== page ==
Absolutely. Neurological disorders like epilepsy tend to manifest themselves in very different ways in different patients. There is no one-template-fits all or cookie-cutter approach. We take pride in our ambition to be a leader in 5 sub-populations and to improve the lives of individual patients, especially those with the hardest cases to treat. That is precisely why we seek leadership, not in osteoporosis, but fragility fractures.
How would you describe your management style?
In UCB, we are very humble and deploy an unusual management structure that is organized around small ecosystems. We use the concept of shared responsibility and multidisciplinary teams so that every member has more than one manager to report to. Instead of our business units having an overall product and sales managers, they are broken down into teams covering small regional ecosystems, which allows for maximal local adaptation. This also has the added benefit of being able to free up resources to direct in the areas where we need most to be so as to be as close as we can to the end patient.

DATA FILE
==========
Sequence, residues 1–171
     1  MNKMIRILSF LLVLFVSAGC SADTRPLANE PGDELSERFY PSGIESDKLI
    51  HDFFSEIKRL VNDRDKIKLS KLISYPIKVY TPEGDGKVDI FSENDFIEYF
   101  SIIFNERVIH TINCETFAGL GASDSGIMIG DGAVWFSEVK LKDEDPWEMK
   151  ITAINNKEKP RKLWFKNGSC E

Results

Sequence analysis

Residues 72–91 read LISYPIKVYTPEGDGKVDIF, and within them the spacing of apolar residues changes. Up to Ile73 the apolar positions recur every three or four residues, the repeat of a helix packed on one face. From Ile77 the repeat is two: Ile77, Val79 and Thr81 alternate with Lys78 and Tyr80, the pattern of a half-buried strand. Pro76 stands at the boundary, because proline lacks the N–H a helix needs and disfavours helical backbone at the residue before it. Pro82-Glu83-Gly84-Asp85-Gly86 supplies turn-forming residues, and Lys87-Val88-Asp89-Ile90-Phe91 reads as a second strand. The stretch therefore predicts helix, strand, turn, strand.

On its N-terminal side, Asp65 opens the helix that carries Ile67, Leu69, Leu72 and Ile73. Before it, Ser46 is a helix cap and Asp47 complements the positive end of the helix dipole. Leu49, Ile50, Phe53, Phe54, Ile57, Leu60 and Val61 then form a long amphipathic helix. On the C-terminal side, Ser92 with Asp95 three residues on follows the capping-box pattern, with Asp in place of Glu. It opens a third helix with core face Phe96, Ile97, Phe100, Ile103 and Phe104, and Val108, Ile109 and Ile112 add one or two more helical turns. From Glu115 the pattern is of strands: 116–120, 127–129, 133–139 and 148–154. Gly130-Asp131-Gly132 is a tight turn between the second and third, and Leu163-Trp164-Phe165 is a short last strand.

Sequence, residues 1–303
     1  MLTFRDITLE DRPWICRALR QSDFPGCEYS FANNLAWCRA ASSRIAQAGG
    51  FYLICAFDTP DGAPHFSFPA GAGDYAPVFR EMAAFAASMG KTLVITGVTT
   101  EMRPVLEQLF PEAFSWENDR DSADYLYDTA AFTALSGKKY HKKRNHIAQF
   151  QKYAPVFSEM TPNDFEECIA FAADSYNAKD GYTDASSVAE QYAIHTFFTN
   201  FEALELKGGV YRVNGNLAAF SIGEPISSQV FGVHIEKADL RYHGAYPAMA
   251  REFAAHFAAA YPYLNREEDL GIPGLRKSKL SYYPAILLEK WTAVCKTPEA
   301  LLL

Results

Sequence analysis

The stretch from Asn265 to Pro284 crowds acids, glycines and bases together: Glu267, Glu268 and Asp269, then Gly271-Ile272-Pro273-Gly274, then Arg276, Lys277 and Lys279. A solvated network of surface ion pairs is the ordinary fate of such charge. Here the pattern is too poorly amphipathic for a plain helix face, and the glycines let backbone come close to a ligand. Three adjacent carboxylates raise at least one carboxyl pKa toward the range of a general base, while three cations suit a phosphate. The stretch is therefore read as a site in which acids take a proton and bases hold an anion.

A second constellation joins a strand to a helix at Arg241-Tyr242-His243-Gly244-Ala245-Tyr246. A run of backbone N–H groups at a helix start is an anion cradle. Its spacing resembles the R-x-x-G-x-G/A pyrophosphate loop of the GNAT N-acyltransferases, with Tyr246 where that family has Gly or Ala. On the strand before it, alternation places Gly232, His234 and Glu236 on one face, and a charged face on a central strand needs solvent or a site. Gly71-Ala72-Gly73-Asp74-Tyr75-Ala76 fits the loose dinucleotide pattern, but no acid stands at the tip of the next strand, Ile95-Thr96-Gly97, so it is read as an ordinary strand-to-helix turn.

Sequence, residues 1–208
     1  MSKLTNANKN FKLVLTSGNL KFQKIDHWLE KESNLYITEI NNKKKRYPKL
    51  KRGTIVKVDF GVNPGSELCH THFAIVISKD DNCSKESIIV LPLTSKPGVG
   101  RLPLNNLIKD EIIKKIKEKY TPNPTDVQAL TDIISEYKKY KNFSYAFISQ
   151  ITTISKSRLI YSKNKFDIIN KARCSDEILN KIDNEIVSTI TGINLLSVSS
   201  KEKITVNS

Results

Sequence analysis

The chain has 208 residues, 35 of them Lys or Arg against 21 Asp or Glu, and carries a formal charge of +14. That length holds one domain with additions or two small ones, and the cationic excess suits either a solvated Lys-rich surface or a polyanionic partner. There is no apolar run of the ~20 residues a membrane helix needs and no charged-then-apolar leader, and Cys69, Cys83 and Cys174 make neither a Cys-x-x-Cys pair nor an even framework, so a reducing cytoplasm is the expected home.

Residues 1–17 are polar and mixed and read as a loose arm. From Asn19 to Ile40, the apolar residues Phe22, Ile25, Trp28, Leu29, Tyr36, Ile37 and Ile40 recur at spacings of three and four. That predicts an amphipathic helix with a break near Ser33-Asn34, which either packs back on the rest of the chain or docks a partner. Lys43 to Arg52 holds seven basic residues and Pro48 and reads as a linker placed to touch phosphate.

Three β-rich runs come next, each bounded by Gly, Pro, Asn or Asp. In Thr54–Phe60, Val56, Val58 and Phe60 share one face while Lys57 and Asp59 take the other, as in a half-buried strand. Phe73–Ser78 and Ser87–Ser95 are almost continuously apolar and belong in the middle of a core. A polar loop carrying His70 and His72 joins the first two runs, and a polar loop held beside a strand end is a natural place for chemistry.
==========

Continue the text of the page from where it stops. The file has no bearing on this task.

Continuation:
What are your objectives for the next 5 years?
My aspiration is for us to have become the leader in the 5 sub-populations that we are active in and to be playing some part in the brave new world of predictive medicine and biomarkers through the rolling out of pilot studies. In immunology and rheumatology, we will continue to distinguish ourselves from the big pharma competitors through our very targeted, agile and patient-centric approach, and in epilepsy, we will be maintaining our dominant position. Most of all we want to have cemented a status locally as the “patient-preferred biopharma actor” for our specific sub-populations.